Media Review for May 10, 2016

Map of Africa’s Active Militant Islamist Groups
Recent high-profile attacks have drawn increased attention to the threat of terrorism in Africa. A review of attacks by militant Islamist groups in Africa over the past 12 months reveals considerable variation in the groups involved. Most are locally-focused even if they have declared an allegiance to a global terrorist network. Attacks have also been conducted in a relatively few, concentrated areas on the continent. Boko Haram is responsible for the vast majority of fatalities, a figure that has escalated dramatically in recent years. While garnering much attention, ISIS has a limited presence in Africa, often working through pre-existing groups with their own agenda. Africa Center for Strategic Studies

UN Warns of ‘Devastating Consequences’ if Kenya Expels Refugees
Kenya’s decision to stop hosting refugees could have “devastating consequences” for hundreds of thousands of people, the UN warned on Monday, urging the country with the world’s largest refugee camp to reconsider. Citing security concerns, Kenya said Friday that it planned to close refugee camps on its soil and would no longer automatically grant refugee status to arriving asylum seekers. The UN refugee agency voiced alarm at the announcement, warning against “the potentially devastating consequences for hundreds of thousands of people that premature ending of refugee hosting would have.” Kenya hosts some 550 000 refugees in camps in the north of the country. News 24

Ethiopia Rescues Dozens of Children Abducted Last Month
Ethiopia has recovered some of the 125 children who were abducted by militiamen from South Sudan last month in a deadly ethnic clash that left more than 200 people dead, Ethiopian government announced Monday. On April 15, heavily-armed ethnic Murle militiamen reportedly crossed over from South Sudan into Ethiopian soil, where they went on a rampage, pillaging 13 localities of Nuer and Agnuak communities. Tewolde Mulugeta, Foreign Affairs spokesman, said: “Ethiopia’s effort to get the children back achieved the first result today with dozens of children released.” But exactly how many were released was not specified by the official. No independent confirmation about the number of children rescued so far could be made. Also, it remains unclear exactly how the children were recovered. Anadolu Agency

Tunis: 2,000 Stopped from Going to War Zones
Tunisian authorities prevented nearly 2,000 people from travelling abroad to join jihadist groups in the first three months of this year, interior ministry spokesman Yasser Mesbah said on Monday. Since January, authorities have also dismantled 33 suspected “terrorist” cells and put on trial 1,400 people accused of belonging to a “terrorist organization,” Mesbah told private radio station Shems FM. “In 2016, 1,877 Tunisians were prevented from leaving the country to travel to zones of tension,” Mesbah said, without identifying these destinations. Since its 2011 revolution, Tunisia has faced a growing militant threat, with ISIS last year claiming a string of deadly attacks on holidaymakers and security forces that killed dozens. Thousands of Tunisians have joined militant groups in conflict zones such as Iraq, Syria and Libya over the past few years. Mesbah told AFP that most of the suspects prevented from travelling abroad to join jihadist groups this year were young people aged between 20 and 23 who have been placed under daily surveillance. AFP on Al Arabiya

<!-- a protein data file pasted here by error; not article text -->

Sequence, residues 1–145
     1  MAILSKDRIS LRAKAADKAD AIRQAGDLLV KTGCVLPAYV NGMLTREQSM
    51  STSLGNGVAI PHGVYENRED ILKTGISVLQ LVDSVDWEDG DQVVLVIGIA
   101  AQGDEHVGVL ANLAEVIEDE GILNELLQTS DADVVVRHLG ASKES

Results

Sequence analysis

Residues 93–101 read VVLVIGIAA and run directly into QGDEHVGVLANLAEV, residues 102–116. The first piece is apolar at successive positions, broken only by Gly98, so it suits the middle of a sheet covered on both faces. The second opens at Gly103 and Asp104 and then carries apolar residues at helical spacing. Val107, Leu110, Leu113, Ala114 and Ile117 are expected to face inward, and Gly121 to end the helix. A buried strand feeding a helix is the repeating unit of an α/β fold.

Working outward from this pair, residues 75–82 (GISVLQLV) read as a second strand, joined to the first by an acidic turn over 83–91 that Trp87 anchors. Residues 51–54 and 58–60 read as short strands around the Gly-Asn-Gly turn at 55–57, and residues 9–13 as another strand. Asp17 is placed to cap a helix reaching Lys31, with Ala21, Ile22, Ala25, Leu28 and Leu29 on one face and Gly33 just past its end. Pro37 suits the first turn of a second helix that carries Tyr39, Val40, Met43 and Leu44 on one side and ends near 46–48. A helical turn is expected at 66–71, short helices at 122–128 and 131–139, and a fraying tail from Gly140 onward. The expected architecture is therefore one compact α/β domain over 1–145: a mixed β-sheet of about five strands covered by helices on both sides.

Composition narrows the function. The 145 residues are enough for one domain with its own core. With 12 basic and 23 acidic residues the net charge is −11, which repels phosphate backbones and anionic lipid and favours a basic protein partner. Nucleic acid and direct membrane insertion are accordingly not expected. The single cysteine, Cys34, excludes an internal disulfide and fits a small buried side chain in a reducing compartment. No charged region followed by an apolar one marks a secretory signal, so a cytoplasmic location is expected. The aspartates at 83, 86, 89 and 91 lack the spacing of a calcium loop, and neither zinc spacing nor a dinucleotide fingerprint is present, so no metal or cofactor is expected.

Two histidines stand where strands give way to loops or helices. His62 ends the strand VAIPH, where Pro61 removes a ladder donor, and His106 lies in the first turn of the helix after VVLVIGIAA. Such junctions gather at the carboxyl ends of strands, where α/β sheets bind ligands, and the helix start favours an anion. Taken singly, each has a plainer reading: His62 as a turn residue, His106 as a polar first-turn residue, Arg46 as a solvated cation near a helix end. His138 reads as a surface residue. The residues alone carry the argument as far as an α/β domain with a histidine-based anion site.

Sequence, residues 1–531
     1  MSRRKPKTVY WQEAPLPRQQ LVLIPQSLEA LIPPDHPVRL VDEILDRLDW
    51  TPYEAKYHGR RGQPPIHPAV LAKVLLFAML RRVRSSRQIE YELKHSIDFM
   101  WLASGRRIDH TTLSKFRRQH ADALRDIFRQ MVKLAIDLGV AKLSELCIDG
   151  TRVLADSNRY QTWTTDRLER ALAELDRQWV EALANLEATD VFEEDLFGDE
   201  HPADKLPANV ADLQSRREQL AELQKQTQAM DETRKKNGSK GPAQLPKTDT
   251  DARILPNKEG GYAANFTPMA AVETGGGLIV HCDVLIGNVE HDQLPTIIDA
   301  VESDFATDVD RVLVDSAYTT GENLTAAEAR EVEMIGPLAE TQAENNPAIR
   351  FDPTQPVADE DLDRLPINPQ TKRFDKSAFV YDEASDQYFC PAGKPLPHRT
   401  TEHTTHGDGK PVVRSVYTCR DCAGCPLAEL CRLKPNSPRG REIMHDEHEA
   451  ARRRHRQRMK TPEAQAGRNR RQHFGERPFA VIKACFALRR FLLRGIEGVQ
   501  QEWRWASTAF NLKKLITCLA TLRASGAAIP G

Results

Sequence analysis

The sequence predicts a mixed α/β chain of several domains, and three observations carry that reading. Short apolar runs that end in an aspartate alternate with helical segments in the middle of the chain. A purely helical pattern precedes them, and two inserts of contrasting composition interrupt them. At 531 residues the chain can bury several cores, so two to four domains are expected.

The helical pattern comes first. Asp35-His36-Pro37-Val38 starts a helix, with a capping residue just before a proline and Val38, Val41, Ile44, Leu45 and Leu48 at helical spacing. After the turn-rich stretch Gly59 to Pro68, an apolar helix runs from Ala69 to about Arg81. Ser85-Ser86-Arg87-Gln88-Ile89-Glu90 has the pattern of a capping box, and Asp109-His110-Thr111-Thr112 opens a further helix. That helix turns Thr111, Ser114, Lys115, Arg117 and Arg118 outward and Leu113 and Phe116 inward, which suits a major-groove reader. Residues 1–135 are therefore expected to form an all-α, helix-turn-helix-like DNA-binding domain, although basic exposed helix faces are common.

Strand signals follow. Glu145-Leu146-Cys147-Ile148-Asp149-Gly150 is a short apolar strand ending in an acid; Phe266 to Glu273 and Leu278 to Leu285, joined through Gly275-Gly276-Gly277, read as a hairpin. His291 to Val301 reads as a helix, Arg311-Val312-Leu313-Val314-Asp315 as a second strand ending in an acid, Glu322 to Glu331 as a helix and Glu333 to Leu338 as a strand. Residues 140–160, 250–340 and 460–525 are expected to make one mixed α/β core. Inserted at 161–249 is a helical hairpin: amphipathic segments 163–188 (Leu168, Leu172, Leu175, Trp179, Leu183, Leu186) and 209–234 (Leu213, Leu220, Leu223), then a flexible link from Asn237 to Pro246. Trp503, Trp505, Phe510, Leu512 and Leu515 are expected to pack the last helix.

Israel Warns Jewish Pilgrims of ‘Severe’ Terror Threat in Tunisia
Israel’s Counter-Terrorism Bureau on Monday highlighted a “severe” travel advisory for Tunisia. Many Jews who hail from the Mediterranean Arab country travel each year to the island of Djerba in the country’s south, the historic home of an ancient community of Jewish priestly families, to celebrate the Lag B’Omer holiday, which this year falls on May 25-26. The bureau, a branch of the Prime Minister’s Office, on Monday urged Israelis and Jews not to visit the country this year due to the “high” likelihood of attacks by jihadist groups. “Terror groups, especially global jihadist [organizations], continue to operate in Tunisia and to launch terror attacks,” the bureau said in a statement. “In light of that fact, the threat level posed to Jewish targets is high. The Counter-Terrorism Bureau therefore reiterates the severe travel advisory for Tunisia (‘severe concrete threat’) ahead of the Lag B’Omer pilgrimage to Djerba island, and recommends against the visit.” Times of Israel

Deadly Conflicts over Green Pastures in Nigeria